It’s been a month or so since Spectre and Meltdown first entered the public conversation. It seems we can’t stop talking about these potential security issues baked into the major microprocessor architectures that run, well, everything. Understandably, Intel CEO Brian Krzanich and Advanced Micro Devices CEO Lisa Su have both had to address the problems in their earnings reports. The ARM army has been less visible in recent days though ARM’s CEO Simon Segars answered to Spectre at CES.
I hope this conversation continues both in public and private. As The Economist wrote, the tech industry in general has some “soul searching” to do. My claim here is that this is not just a bug that needs to be fixed, like the infamous Intel Pentium math flaw in the 1990s. To fully appreciate this story, you need to apply legendary Intel CEO Andy Grove’s concept of the Strategic Inflection Point (SIP), a tool articulated in the book he wrote after the Pentium crisis, “Only the Paranoid Survive.” In short, we are discovering the degree to which our 21st century world sits atop 20th century thinking about the nature of technology.
The issues of the moment are not “bugs” like the Pentium flaw, in which the chip was not performing to its actual design. These current chips are apparently operating according to their designs. Journalist Don Clark, himself a veteran of covering the original Pentium flaw, recently did a decent job of untangling these issues in the New York Times. These are not “bugs” in the technical sense of the term. These are more accurately thought of as legacy design techniques that were innovations when they debuted 20 or so years ago. But, they are now artifacts of a very different technology environment before the threat landscape became so sophisticated as it is today.
That environmental change creates a SIP by Grove’s logic. Drawing on Michael Porter, Grove argued that a 10x change in any one of five strategic forces could drive a SIP – and could be overlooked if the other four forces were relatively stable. Those five forces include new delivery methods for the product or service, plus four measures of the “power, vigor and competence” of: existing competitors, suppliers, customers, and potential competitors.
This last category is relevant to understanding the 20th century legacy in processor architectures. According to Grove, potential competitors include those that aren’t in the market yet but if they entered would pose a new kind of threat because they could be “bigger, more competent, better funded and more aggressive than the existing competitors.” When techniques like speculative execution, one of the culprits in the current round of issues, debuted to accelerate performance, security threats were very different and security was largely viewed as a software problem; thus, making faster chips enhanced security by accelerating virus detectors and the like. As the threat landscape evolved, additional security hooks got bolted onto the core, but the core techniques remained.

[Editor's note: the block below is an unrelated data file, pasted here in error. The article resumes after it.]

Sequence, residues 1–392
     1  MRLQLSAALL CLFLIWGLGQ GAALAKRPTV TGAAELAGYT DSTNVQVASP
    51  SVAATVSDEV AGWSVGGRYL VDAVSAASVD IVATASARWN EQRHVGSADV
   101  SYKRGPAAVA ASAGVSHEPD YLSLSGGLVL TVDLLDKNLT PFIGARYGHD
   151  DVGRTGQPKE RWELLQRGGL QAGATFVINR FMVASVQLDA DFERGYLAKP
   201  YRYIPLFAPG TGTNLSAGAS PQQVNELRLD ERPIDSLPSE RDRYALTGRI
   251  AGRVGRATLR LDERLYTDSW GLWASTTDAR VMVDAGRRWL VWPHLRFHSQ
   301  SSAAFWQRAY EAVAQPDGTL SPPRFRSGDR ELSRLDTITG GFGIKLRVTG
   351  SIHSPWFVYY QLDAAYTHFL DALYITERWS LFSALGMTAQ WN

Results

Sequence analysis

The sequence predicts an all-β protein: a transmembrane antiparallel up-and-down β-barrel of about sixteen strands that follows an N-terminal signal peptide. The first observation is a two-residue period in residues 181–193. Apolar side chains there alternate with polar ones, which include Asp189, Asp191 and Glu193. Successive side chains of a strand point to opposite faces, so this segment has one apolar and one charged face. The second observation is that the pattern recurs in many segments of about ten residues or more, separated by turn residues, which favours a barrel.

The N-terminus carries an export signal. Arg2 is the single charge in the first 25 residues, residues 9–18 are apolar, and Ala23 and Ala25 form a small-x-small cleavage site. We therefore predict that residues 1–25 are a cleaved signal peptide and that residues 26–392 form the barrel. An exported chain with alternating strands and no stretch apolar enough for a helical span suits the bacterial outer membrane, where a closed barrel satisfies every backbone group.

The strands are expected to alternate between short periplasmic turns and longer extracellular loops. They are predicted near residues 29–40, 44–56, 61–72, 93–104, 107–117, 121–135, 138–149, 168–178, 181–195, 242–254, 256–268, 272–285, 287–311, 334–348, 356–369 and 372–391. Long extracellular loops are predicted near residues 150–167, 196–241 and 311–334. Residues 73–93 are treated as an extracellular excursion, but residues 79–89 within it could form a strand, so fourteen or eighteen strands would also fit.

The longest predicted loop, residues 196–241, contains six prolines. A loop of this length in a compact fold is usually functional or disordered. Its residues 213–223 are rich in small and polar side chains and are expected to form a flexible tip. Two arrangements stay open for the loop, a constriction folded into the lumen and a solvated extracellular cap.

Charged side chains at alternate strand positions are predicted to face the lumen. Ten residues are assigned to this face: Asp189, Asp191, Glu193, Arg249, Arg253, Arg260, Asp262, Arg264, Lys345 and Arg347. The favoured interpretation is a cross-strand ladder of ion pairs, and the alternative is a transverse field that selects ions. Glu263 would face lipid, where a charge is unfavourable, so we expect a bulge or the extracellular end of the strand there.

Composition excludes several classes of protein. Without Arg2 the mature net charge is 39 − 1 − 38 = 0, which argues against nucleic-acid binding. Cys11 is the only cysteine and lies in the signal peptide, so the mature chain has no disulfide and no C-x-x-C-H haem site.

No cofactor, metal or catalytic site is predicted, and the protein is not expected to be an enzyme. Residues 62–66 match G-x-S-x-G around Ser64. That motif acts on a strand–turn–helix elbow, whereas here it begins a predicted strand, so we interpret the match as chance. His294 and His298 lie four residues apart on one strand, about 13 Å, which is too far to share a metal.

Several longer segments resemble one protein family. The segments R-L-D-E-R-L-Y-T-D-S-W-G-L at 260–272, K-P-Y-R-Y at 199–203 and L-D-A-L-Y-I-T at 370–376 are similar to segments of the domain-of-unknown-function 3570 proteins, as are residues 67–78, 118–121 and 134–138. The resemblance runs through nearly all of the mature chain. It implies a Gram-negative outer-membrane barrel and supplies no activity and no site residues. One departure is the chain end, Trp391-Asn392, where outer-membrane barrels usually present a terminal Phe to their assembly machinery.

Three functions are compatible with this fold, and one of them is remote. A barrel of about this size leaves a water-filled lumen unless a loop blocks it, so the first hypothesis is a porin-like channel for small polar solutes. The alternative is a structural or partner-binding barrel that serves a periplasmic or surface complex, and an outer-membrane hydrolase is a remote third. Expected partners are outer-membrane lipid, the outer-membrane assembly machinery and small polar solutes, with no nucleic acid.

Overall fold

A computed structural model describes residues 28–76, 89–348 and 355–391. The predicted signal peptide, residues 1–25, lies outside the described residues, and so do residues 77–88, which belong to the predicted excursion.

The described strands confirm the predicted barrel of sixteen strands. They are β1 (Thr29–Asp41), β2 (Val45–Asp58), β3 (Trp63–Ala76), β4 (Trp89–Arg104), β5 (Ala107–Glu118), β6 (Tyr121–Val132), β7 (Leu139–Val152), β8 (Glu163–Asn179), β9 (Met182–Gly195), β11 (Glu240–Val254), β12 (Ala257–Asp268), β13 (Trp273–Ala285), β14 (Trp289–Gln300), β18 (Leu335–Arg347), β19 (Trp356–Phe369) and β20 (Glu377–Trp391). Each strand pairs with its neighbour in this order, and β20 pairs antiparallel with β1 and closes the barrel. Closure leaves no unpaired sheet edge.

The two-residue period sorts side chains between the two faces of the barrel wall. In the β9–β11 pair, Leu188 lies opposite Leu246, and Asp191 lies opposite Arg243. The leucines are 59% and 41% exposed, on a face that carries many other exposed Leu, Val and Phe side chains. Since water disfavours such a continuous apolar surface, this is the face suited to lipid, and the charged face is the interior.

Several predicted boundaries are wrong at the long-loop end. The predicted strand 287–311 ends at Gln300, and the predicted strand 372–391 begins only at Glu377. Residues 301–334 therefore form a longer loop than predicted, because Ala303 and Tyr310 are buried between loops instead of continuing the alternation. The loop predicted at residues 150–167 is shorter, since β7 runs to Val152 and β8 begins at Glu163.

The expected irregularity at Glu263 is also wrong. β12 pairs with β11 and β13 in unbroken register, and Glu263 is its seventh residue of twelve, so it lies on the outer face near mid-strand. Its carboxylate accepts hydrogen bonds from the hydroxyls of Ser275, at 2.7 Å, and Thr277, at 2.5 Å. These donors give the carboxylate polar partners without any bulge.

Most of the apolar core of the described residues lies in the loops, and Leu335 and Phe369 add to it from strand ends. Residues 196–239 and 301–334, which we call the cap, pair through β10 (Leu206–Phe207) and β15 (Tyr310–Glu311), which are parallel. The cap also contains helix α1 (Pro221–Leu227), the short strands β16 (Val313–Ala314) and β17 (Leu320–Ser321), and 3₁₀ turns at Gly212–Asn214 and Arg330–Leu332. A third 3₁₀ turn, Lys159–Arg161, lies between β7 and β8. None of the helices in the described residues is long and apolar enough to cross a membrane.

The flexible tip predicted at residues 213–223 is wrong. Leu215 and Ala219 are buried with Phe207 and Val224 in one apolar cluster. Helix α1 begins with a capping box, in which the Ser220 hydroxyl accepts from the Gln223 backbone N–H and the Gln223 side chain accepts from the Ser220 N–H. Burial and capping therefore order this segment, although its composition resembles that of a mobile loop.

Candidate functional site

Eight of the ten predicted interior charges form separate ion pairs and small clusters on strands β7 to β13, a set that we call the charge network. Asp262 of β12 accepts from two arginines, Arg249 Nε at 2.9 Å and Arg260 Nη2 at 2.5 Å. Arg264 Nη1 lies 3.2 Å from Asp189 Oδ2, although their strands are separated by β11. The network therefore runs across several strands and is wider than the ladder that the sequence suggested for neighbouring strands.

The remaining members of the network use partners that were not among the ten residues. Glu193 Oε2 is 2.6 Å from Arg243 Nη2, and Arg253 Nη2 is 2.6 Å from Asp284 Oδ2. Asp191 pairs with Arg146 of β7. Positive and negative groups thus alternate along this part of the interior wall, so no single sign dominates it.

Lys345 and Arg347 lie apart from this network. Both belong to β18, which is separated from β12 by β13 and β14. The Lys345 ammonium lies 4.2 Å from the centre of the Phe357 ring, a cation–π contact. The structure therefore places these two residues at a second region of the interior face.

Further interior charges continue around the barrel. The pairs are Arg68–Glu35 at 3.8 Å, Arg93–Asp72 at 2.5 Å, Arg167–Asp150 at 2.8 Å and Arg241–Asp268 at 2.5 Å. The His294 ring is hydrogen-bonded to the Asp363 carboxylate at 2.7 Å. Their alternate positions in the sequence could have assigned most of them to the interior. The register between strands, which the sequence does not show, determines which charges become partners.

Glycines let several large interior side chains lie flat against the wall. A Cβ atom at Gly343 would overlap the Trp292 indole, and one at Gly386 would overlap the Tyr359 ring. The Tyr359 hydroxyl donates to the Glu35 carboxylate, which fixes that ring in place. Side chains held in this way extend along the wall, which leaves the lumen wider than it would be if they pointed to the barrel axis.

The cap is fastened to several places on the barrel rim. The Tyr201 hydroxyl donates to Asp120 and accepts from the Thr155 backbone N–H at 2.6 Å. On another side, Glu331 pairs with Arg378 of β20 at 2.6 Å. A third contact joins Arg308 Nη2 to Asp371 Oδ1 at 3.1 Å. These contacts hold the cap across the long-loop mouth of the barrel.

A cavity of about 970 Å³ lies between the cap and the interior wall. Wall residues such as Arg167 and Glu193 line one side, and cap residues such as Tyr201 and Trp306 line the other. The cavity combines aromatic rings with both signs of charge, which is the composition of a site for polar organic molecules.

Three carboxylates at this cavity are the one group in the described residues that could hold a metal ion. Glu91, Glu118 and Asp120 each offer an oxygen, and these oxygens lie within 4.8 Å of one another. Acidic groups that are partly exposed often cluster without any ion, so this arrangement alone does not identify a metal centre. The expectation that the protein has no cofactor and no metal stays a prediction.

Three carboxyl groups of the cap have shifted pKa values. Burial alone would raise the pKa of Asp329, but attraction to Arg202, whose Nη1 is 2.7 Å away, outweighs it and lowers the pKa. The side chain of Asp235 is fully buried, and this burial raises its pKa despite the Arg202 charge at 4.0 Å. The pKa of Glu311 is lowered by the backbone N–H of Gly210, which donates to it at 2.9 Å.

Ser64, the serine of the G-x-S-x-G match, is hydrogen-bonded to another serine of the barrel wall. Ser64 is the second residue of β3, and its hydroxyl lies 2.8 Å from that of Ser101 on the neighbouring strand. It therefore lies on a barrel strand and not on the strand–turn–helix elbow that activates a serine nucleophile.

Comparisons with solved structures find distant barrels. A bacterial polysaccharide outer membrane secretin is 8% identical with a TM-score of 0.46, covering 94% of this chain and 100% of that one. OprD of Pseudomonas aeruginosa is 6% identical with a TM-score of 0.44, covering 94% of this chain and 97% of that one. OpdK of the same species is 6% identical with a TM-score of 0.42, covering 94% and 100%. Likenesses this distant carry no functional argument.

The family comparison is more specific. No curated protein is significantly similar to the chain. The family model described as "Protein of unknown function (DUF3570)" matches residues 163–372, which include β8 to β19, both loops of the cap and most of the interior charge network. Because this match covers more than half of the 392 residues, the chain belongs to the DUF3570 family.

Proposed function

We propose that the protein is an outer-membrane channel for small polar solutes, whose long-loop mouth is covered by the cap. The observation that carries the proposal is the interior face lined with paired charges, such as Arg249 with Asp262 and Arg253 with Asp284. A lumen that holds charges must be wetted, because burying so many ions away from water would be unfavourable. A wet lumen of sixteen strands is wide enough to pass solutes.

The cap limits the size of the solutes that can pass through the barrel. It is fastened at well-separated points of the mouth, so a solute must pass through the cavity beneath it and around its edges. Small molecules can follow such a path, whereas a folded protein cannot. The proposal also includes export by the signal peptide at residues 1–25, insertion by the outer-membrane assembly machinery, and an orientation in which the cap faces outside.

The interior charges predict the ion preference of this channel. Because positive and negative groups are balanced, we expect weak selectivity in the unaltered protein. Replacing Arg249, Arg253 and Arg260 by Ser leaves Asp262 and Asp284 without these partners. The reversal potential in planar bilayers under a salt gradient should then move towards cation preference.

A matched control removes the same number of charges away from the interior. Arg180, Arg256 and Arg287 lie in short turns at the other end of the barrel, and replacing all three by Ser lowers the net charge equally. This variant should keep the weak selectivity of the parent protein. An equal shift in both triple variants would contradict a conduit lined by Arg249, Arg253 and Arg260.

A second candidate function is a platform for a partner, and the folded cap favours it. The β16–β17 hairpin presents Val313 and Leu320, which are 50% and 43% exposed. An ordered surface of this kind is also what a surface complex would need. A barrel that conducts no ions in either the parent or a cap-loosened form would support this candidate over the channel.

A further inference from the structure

However, if the security and integrity of computing writ large is at issue, then we need to expand the range of “potential competitors” to include what we now know to be state-sanctioned actors and globally organized crime. These actors can certainly be “bigger, more competent, better funded and more aggressive” than the basement hackers of the 20th century. To say it differently, does anyone doubt that we have witnessed a 10x change relative to the 1990s in the “power, vigor and competence” of those attempting to subvert our reliance on digital technology? And if these issues are really about the foundations of the computing environment we all rely on, then this SIP is not just about chip companies but every cloud provider, device maker and would-be Internet of Things service provider.
So, many more people need to be party to this conversation than Intel, AMD or ARM suppliers. Grove advocated a period of experimentation to see what really works in this new environment. For chip companies, perhaps that means security-first design approaches. But, this 10x change in new forms of competition affects more than these chip companies no matter how important their architectures might be.
This SIP is affecting lots of players and, well, only the paranoid survive.